Irish Finance Minister Michael Noonan announced October 14 that Ireland will eliminate the ability of new companies to use the "double Irish" tax arrangement, effective January 1, 2015, by changing residency rules to require all companies registered in Ireland to be Irish tax residents as well.
Noonan provided the details of a roadmap setting forth the government's international tax strategy in a financial statement for the 2015 budget that calls for attracting and retaining foreign direct investment while staying in alignment with measures being developed on a global scale to reduce base erosion and profit shifting.
The "double Irish" tax arrangement allows companies to shift profits to low- or no-tax jurisdictions by taking advantage of mismatches in corporate residency rules.
Ireland plans to change its residency rules so that new companies registered in Ireland on or after January 1, 2015, will be required to also be Irish tax residents. Existing companies would have until the end of 2020 to come into compliance with the new law.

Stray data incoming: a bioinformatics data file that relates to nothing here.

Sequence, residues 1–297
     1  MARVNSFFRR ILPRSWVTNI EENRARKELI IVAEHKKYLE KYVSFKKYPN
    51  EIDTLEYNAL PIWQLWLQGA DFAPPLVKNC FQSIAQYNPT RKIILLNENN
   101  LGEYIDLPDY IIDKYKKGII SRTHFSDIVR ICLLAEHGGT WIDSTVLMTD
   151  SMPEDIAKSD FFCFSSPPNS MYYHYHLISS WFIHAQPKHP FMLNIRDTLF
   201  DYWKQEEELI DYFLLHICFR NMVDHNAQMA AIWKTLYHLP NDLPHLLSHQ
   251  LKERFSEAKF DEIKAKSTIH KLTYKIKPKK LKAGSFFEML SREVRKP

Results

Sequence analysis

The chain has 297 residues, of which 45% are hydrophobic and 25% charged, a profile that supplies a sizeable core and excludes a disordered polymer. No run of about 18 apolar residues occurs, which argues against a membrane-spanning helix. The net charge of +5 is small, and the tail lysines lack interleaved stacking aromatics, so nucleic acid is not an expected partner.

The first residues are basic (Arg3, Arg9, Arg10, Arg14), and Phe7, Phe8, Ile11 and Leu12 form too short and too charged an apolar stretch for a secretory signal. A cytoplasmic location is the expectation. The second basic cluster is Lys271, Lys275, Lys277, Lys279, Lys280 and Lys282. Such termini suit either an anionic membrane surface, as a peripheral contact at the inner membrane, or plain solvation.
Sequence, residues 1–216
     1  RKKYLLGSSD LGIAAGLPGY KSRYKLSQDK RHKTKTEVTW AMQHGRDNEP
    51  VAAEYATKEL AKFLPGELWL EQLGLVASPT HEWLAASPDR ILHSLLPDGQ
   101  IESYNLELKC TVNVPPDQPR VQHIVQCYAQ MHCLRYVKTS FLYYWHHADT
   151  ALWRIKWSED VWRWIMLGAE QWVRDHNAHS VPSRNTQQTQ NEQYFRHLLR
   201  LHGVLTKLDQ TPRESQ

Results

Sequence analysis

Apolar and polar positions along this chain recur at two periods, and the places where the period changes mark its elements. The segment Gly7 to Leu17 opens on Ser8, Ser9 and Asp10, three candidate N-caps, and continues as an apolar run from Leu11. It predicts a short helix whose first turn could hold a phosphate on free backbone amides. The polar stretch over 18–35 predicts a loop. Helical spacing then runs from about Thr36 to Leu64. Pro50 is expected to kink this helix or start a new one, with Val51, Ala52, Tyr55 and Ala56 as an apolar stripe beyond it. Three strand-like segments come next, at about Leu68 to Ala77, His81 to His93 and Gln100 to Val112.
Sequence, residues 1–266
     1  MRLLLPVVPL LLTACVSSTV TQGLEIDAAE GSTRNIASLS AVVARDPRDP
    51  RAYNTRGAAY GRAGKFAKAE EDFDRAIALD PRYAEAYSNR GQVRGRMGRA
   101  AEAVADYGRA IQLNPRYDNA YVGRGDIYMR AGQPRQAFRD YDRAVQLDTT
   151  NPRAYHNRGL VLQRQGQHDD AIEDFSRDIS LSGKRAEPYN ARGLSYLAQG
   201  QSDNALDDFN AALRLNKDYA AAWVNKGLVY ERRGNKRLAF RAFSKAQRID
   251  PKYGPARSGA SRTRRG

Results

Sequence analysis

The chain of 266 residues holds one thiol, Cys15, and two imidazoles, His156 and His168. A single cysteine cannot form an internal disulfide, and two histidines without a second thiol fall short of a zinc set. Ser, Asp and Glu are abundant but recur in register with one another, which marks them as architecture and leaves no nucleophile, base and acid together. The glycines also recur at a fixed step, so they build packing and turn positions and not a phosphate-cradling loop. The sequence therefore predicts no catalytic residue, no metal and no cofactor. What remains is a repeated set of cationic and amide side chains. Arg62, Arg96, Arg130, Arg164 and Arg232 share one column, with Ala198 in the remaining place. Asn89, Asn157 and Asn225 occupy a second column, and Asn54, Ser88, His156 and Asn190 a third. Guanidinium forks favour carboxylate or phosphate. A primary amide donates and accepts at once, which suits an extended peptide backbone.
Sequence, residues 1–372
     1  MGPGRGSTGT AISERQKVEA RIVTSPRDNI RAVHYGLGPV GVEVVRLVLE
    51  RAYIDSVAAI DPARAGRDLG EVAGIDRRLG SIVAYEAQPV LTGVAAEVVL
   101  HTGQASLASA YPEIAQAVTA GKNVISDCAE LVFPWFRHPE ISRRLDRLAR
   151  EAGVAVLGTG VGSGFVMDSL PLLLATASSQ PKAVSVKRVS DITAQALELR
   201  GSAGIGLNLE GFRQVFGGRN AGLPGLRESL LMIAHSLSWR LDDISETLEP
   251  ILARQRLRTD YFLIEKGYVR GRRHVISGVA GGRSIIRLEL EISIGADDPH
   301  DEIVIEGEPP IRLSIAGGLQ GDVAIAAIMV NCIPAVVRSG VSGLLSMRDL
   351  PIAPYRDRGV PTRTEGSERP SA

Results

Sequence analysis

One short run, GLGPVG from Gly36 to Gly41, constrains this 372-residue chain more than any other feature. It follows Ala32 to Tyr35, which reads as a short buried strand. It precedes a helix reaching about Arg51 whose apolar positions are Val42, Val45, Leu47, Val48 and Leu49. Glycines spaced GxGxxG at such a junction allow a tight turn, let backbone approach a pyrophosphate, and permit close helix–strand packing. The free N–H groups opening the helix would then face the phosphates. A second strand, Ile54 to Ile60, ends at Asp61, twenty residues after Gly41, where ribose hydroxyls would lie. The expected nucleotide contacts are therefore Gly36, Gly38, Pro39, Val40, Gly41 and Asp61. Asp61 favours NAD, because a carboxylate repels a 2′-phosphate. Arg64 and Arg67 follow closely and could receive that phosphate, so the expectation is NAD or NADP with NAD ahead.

However, Noonan emphasized that no change will be made to the country's 12.5 percent corporate tax, a rate that he said "never has been and never will be up for discussion."
Multinationals that use the double Irish arrangement recognize that they will need to make changes to ensure that profits are allocated to jurisdictions where substantive operations are located.
From a U.S. multinational's perspective, Ireland is already an attractive location for investment because of a shared language and similar laws on corporate governance and employment.